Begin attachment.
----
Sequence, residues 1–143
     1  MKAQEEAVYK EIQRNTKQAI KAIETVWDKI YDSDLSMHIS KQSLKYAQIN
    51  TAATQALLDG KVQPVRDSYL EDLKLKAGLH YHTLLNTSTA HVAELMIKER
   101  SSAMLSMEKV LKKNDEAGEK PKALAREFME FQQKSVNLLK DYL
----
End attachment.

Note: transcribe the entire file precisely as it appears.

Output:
Sequence, residues 1–143
     1  MKAQEEAVYK EIQRNTKQAI KAIETVWDKI YDSDLSMHIS KQSLKYAQIN
    51  TAATQALLDG KVQPVRDSYL EDLKLKAGLH YHTLLNTSTA HVAELMIKER
   101  SSAMLSMEKV LKKNDEAGEK PKALAREFME FQQKSVNLLK DYL